200V programmable current source/programmable resistor

Thread Starter

devThijs

Joined Oct 19, 2019
4
Hi everyone
For a project I'm look for a way to limit current on a DC 200V power source. The load resistance is inversely proportional to the current drawn, and is between 30-100k. The current drawn should be between around 1-10mA. A mcu must be able to program the current in some way. Electrical isolation from the MCU is a bonus (opto isolators maybe?).

I've looked at current source IC's and op-amps but the Voltage is too high for these. Do you guys have any ideas on how to tackle this? I'd be very thankful for your help!
 

Thread Starter

devThijs

Joined Oct 19, 2019
4
Thank you for the reply. Maybe I should have specified that it has to be high-side though, and low-side regulation is not possible. I'll look into using the op-amp - Rsense combo, but in a high side configuration.
 

kubeek

Joined Sep 20, 2005
5,621
You can do the same thing on high side. Only thing I would change is to a BJT instead of a mosfet. Mosfets have large input capacitance and make the circuit either slow or unstable.
 

ronsimpson

Joined Oct 7, 2019
159
Electrical isolation from the MCU

What MCU? What does it do? Does the MCU need to measure the voltage across the load?
Do you have a 200V power supply?
Can we add a 5V supply at ground to power the MCU and a second 5 to 10V supply to power the current source-brains?
How does the MCU talk to the current source? Analog voltage 0 to 3.3V? I2C or SPI interface? PWM output?
When the MCU changes the current form 2mA to 4mA, how fast does the current source need to respond? 20mS?
Trying to get more information.
 
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Thread Starter

devThijs

Joined Oct 19, 2019
4
2019-10-24_13-57-16.png

I currently have this as my solution. V1 is analog voltage from an internal DAC in the MCU, 0-3V. I couldn't think of a good way to simulate the Rload variability so I just stated 50k instead. One error tho: Rload should be 50k, not 50, in the diagram, woops.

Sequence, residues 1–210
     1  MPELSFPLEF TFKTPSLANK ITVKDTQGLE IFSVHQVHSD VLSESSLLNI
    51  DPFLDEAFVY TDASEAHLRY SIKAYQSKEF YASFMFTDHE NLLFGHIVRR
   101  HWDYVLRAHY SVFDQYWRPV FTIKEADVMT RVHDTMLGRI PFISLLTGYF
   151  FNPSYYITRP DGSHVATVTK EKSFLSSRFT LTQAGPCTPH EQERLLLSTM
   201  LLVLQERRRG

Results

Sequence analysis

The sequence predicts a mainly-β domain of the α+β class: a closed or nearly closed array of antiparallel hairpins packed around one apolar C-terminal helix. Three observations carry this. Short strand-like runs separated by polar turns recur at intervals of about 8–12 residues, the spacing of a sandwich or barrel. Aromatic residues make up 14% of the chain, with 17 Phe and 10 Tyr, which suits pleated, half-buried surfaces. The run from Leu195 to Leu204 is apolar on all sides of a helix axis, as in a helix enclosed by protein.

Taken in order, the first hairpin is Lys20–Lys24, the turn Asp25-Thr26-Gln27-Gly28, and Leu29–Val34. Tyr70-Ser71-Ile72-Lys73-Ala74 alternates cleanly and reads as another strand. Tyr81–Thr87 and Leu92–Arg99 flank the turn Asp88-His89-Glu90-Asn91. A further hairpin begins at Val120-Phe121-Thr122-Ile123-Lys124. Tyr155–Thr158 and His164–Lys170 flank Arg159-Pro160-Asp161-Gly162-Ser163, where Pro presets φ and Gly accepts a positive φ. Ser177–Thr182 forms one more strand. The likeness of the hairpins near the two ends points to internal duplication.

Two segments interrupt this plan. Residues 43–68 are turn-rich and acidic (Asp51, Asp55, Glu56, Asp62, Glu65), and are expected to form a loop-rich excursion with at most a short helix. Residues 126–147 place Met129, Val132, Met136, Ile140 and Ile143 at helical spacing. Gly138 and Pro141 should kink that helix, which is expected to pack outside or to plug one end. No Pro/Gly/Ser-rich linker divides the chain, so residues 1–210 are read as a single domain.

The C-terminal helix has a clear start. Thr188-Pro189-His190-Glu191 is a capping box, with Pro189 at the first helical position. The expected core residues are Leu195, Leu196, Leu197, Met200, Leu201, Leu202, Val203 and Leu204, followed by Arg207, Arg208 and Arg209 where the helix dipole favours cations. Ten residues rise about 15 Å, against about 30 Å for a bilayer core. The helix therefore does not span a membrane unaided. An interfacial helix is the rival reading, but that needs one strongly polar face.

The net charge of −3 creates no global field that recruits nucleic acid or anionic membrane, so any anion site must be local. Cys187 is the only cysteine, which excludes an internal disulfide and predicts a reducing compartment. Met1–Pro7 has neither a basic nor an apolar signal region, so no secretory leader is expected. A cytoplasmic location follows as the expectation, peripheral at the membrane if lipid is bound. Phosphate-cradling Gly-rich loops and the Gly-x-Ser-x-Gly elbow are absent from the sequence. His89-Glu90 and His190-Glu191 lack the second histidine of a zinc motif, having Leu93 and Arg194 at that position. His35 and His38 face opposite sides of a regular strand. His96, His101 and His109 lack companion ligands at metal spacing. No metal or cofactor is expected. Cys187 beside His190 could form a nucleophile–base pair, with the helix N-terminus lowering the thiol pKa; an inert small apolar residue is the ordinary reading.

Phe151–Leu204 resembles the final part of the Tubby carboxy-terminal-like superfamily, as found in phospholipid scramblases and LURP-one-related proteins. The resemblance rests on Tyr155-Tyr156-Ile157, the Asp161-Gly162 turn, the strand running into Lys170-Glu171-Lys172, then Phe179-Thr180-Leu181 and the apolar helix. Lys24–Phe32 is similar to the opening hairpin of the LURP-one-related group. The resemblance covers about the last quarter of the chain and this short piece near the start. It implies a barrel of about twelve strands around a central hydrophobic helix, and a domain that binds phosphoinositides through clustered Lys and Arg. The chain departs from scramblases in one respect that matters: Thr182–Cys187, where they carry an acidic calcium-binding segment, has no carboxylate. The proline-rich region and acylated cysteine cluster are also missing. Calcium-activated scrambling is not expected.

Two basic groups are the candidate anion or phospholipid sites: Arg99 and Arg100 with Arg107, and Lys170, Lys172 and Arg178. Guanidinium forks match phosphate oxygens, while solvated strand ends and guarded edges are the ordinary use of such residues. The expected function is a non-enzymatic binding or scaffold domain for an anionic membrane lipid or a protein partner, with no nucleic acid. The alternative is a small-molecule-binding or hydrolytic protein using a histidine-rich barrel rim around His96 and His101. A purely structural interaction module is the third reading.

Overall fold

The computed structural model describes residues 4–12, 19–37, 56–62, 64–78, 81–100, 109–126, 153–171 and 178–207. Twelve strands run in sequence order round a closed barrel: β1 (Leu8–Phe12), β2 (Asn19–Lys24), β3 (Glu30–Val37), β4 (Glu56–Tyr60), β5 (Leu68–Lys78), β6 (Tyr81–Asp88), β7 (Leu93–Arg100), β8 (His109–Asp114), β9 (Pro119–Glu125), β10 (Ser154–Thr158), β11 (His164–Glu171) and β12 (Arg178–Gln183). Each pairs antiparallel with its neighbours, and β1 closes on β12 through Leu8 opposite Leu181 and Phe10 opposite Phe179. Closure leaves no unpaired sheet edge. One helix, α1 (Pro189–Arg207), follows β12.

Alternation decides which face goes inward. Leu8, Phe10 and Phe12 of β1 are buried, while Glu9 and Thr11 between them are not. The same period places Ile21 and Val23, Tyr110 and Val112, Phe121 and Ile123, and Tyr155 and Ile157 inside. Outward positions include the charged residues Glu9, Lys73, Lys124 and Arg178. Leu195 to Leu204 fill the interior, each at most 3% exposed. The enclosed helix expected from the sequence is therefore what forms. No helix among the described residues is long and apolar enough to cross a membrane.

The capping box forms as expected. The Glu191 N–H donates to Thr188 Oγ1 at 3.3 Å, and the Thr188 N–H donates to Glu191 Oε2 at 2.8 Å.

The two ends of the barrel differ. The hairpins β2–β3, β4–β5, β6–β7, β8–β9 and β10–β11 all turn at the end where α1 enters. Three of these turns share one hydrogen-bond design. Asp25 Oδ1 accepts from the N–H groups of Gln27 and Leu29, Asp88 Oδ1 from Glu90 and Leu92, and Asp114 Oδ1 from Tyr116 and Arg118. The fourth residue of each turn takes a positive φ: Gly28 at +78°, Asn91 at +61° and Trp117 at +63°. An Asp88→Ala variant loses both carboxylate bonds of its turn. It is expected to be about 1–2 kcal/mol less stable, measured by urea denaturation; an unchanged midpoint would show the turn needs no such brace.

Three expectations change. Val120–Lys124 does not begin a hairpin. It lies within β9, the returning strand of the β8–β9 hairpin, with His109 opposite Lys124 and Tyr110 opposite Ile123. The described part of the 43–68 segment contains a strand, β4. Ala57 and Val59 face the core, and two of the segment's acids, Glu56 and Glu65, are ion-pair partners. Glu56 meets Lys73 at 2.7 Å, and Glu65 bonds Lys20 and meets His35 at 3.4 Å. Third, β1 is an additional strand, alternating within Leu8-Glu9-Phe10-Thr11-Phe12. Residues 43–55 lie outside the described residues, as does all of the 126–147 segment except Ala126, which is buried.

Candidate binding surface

So does this look like a good solution, am i missing anything?

@ronsimpson
It's a ATTiny1616 running at 3.3V All it needs to do is change the current using preprogrammed values. It doesn't need to measure anything.

To be precise about the power; it's a 160V power supply. There is also a 5V and 3.3V supply in the circuit. I don't think there's any more room for a 10V supply in the board unfortunately.
Any of those interfacing options can be used. I2C and SPI could be implemented as well. Those peripherals are already activated in current code so if it is beneficial it could easily be implemented.
The current change can happen relatively slow, I'd say under 200ms, and the interval between changes is long(seconds or more). The 160V power rail basically just a steady power supply for a peripheral, and is changed when needed.
 

crutschow

Joined Mar 14, 2008
23,494
So does this look like a good solution, am i missing anything?
Yes, you are missing the voltages the op amp has to deal with.
The op amp input common-mode voltage can go to from near 0V to 16V so the op amp must handle that.
And the output voltage to the MOSFET gate must go to 160V.
 
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Thread Starter

devThijs

Joined Oct 19, 2019
4
Oh yeah good point @crutschow .
There seem to be lots of mosfets with high voltage rating. Op-amps though, have a common-mode voltage of VCC +-0.1V .